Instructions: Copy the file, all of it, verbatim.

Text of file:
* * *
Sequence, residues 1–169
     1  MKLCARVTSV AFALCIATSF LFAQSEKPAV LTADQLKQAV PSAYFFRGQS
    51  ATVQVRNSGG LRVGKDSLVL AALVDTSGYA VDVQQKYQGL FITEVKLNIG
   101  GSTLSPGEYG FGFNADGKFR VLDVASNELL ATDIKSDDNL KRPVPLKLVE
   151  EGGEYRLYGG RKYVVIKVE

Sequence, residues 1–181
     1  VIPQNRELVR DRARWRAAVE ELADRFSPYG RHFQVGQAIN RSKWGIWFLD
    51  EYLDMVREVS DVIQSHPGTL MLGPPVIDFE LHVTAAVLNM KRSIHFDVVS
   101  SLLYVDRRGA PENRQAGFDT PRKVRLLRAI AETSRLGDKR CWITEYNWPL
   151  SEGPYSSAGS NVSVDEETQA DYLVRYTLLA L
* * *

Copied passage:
Sequence, residues 1–169
     1  MKLCARVTSV AFALCIATSF LFAQSEKPAV LTADQLKQAV PSAYFFRGQS
    51  ATVQVRNSGG LRVGKDSLVL AALVDTSGYA VDVQQKYQGL FITEVKLNIG
   101  GSTLSPGEYG FGFNADGKFR VLDVASNELL ATDIKSDDNL KRPVPLKLVE
   151  EGGEYRLYGG RKYVVIKVE

Sequence, residues 1–181
     1  VIPQNRELVR DRARWRAAVE ELADRFSPYG RHFQVGQAIN RSKWGIWFLD
    51  EYLDMVREVS DVIQSHPGTL MLGPPVIDFE LHVTAAVLNM KRSIHFDVVS
   101  SLLYVDRRGA PENRQAGFDT PRKVRLLRAI AETSRLGDKR CWITEYNWPL
   151  SEGPYSSAGS NVSVDEETQA DYLVRYTLLA L